Resveratrol: Effects on Lipids and Cardiovascular Risk
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- Cherniack, E.P. & Troen, B.R. Curr Cardiovasc Risk Rep (2013) 7: 9. doi:10.1007/s12170-012-0289-2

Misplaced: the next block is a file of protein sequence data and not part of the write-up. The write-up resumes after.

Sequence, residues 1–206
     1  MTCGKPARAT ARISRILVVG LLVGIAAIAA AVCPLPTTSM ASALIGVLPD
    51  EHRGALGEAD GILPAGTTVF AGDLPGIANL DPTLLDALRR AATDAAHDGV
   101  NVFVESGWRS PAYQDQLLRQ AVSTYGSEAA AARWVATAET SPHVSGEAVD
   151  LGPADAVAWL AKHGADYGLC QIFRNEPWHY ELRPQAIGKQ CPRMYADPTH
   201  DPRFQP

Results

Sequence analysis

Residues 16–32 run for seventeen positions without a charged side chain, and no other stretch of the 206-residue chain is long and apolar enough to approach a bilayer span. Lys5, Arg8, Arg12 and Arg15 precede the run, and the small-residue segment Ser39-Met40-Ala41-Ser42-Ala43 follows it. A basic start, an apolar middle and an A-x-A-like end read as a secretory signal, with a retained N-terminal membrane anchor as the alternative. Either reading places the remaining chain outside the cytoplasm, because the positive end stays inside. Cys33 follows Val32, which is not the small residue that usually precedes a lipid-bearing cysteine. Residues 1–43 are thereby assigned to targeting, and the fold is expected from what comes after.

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For several decades, there has been increasing interest in the possible use of resveratrol as a preventative agent in cardiovascular disease. Resveratrol exerts numerous effects on adipocyte, hepatocyte, and endothelial cell development and function. Many investigations have demonstrated the ability of resveratrol to regulate the adipocyte lifecycle, lipid synthesis, and improve hepatic lipid metabolism. Resveratrol has numerous vascular protective effects on endothelial tissue, including its antiplatelet activity. Resveratrol also reduces intracellular oxidative stress. Animal models of obesity and cardiovascular diseases have yielded important contributions to our understanding of the effects of resveratrol on the vasculature and the risk for pathology. In limited human studies, resveratrol reduces the release of proinflammatory cytokines and improves systemic glucose and insulin regulation and decreases cellular oxidative stress. Therefore, resveratrol has significant potential as both a prophylactic and treatment agent. However additional studies are required to more completely characterize its impacts on human physiology and its benefits in the setting of disease.